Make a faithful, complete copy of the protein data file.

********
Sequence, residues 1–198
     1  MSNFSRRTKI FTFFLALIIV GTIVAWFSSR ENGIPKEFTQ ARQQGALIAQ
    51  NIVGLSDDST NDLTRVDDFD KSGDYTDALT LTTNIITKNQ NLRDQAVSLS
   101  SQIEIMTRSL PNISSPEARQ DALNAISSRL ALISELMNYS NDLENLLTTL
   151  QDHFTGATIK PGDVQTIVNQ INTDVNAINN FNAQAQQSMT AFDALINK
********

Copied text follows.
Sequence, residues 1–198
     1  MSNFSRRTKI FTFFLALIIV GTIVAWFSSR ENGIPKEFTQ ARQQGALIAQ
    51  NIVGLSDDST NDLTRVDDFD KSGDYTDALT LTTNIITKNQ NLRDQAVSLS
   101  SQIEIMTRSL PNISSPEARQ DALNAISSRL ALISELMNYS NDLENLLTTL
   151  QDHFTGATIK PGDVQTIVNQ INTDVNAINN FNAQAQQSMT AFDALINK